Two people might be simultaneously modifying the same database function. To protect against this scenario, I created a little tool to stage the source code of all functions in
pg_proc and the definition of all views. You then deploy your changes, and afterwards you call
fdiff() to show a diff of the changes made, by comparing the new content of
pg_proc and the definitions of all views. If the changes are what you expected, you go ahead and commit.
We’ve been using this methodology every day in both my current company and my previous one, and it has prevented us from doing mistakes.
Source code and installation instructions: https://github.com/joelonsql/fdiff
This is how to use it:
- Start a new transaction
- Temp store state of all views/functions
- Deploy changes to schema
- Show a diff of changes made
- If the changes are expected, go ahead and commit
CREATE OR REPLACE FUNCTION ...
CREATE OR REPLACE VIEW ...
Example on the output from
| Updated or replaced functions |
Argument data types...: _orderid bigint
Result data type......: boolean
20 c OR Orders.ShippingDate IS NOT NULL
20 c OR Orders.ShippingDate > now() - interval '2 month'
Hope you’ll like it!
This is interesting, but seems like a crutch to a higher level problem. How about put in place a release process with version control system such as git, perforce, etc etc. and avoid doing some special stuff in the database?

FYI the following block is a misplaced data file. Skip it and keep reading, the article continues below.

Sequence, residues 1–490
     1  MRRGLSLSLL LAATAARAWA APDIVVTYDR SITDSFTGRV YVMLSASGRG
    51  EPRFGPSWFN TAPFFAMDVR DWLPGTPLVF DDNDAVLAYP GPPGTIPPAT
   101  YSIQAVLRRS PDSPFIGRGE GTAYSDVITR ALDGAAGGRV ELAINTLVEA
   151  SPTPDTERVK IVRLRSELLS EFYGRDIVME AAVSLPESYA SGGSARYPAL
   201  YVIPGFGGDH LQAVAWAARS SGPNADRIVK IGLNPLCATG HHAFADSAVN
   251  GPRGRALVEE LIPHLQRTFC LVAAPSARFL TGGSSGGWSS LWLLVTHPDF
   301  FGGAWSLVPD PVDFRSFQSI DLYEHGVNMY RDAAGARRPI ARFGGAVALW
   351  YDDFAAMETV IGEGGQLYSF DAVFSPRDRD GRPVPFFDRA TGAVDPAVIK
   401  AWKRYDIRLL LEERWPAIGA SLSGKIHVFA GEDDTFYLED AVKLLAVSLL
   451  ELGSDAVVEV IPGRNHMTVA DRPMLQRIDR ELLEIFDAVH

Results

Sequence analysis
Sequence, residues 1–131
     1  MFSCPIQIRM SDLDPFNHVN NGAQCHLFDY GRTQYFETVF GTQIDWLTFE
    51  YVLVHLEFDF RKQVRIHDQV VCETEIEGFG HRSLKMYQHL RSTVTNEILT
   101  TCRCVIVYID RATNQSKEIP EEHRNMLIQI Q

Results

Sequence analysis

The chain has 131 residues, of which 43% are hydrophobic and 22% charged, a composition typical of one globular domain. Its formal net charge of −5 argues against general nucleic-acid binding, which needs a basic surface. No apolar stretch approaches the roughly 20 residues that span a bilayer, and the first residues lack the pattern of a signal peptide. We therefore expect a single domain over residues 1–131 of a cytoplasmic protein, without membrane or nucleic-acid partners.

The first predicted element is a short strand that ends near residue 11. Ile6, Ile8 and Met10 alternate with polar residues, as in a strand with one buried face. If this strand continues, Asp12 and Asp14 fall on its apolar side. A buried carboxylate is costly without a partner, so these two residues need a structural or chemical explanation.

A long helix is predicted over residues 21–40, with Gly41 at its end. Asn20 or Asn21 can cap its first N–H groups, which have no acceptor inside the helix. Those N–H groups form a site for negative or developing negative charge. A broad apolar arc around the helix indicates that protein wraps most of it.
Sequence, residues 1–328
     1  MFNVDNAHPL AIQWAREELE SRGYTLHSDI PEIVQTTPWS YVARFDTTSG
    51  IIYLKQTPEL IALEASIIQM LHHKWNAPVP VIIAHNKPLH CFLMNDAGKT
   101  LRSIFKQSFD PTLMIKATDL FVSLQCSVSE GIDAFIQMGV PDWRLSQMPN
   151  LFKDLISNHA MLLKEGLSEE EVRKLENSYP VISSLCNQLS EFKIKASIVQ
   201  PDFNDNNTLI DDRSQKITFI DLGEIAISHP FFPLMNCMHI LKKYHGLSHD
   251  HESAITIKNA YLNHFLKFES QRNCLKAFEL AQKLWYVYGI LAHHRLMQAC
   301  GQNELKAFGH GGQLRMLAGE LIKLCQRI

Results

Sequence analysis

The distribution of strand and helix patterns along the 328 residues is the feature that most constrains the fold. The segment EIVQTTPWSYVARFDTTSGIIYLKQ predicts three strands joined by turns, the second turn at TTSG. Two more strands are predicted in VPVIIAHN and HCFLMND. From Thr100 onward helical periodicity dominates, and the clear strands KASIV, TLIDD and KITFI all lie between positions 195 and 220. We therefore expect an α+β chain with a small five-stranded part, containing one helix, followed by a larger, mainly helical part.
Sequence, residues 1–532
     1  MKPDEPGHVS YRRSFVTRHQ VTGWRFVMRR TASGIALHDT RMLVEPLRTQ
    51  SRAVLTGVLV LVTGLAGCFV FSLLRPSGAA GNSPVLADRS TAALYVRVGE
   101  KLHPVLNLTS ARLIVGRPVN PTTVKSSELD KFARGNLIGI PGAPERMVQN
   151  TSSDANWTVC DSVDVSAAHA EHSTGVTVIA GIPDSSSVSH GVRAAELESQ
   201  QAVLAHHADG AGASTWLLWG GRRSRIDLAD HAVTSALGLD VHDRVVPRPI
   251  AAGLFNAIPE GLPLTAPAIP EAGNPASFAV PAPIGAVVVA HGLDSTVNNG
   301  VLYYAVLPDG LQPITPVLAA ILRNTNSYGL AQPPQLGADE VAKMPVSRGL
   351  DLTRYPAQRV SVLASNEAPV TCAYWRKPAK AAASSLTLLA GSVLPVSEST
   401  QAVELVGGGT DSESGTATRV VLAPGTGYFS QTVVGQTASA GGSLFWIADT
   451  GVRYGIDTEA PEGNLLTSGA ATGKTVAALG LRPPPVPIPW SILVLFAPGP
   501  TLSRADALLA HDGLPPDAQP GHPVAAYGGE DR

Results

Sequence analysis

This is an extra layer of protection in addition to a VCS.
The VCS will never be real-time in sync with the production database schema, but you can come quite close to it.
We are using an in-house developed tool called schema_diff, which automatically every minute dumps the entire schema using the proposed pg_dump –split patch, where each db object is saved to a separate file. It then diffs the dump with the master branch of the schema git repo. In case they are not identical, an email alart is sent out to all the DBAs. It keeps spamming every 5th minute until you’ve made sure the git-repo is identical to the production schema.
It won’t bug you if there are cAsE differences, white-space, etc. This is achieved by first dumping, then restoring, and then dumping again to normalize the dumps before diffing them.
So, every second of my work day, I can feel confident the master branch in the git-repo is _identica_ to what’s in the production database. But even in this utopia, I still want to be sure _within the same database transaction_, the state of the schema right before my deploy is what I expected it to be. Someone might be working on the exact same db object at the exact same time, or there might be a bug in schema_diff, or something other might fail. Redundant security layers are key.
Can you describe the situations where this method has helped you avoid mistakes? If the production deployment is the responsibility of one (or few people, who coordinate with each other), which is usually the case for production databases, then I don’t see a need for such mechanism.
You don’t need to coordinate using this approach, then people can work and deploy things simultaneously in the same database, we do it every day, and it works because you are always in-sync with the git repo before you deploy, and when deploying you immediately notice if something would differ compared to the git repo.